Another reason that the conservation of plants is important is because many plants have medicinal purposes. Before modern medicine was invented, the main way of treating ailments was by using different parts of plants or plant compounds. Today, much of our modern medicine is inspired by these natural medications, and around 40% of our prescription medications are actually made from plant compounds or plant extracts. If so much of our medicine comes from plants, who’s to say that the cures for currently uncured illnesses won’t be found in plants that have not been previously used for medicine?

Unfortunately, a good percentage of plants that are endangered are so because they are being heavily cultivated for medicinal purposes. These plants are overly exploited and used for commercial purposes; take for example plants like black cohosh and goldenseal, which are of the buttercup family. These plants are used for tonics, and to treat ailments like hemorrhoids, colds, rheumatism, and general pain. These buttercups have been placed on the endangered species list due to people taking them without propagating them. CITES regulates trade of these particular plants in an attempt to prevent over-harvesting in the wild, as many people still illegally harvest these plants from public places to sell them commercially. The willow tree is another famous plant on the endangered species list due to deforestation and the destruction of their habitats in the wild. The bark of the willow tree is famous for being “nature’s Aspirin,” as it contains salicylic acid, which is the active ingredient in the drug Aspirin.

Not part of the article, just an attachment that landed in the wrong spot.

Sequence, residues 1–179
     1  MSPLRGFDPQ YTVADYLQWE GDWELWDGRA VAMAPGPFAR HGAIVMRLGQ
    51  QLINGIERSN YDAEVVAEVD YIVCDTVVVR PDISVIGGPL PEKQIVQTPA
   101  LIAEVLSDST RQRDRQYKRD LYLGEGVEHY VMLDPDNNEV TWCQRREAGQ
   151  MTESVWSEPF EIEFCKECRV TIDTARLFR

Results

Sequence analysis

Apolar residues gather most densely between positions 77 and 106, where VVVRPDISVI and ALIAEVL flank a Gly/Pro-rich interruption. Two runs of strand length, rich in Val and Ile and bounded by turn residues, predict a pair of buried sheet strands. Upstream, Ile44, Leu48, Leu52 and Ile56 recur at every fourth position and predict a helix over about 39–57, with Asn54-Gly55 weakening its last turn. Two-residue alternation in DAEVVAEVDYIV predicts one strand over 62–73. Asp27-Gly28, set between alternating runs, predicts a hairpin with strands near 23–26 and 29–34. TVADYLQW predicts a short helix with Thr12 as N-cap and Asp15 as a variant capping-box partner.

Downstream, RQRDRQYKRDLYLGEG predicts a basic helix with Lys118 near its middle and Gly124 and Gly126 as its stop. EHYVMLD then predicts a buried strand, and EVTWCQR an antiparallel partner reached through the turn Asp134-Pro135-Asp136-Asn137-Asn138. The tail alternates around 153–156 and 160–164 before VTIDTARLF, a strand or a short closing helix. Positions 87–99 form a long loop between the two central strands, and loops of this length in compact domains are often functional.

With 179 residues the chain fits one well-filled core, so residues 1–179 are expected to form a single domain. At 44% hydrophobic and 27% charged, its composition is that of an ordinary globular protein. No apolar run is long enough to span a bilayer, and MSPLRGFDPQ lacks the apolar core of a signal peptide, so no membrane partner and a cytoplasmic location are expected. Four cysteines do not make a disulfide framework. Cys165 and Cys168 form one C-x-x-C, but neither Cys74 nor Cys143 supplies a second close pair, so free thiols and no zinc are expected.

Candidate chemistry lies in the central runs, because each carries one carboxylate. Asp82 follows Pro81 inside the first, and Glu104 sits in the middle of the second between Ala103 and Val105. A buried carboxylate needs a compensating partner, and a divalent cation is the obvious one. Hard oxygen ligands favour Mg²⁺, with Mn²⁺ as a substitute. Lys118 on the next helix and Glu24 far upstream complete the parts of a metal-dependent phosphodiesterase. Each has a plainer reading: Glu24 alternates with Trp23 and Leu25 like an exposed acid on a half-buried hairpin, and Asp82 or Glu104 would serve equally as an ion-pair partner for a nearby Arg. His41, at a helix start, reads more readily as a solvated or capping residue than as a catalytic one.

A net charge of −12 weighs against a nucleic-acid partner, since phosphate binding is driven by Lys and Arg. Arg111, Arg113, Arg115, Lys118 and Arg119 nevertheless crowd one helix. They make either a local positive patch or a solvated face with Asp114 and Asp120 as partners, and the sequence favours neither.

Actaea racemosa, or black cohosh.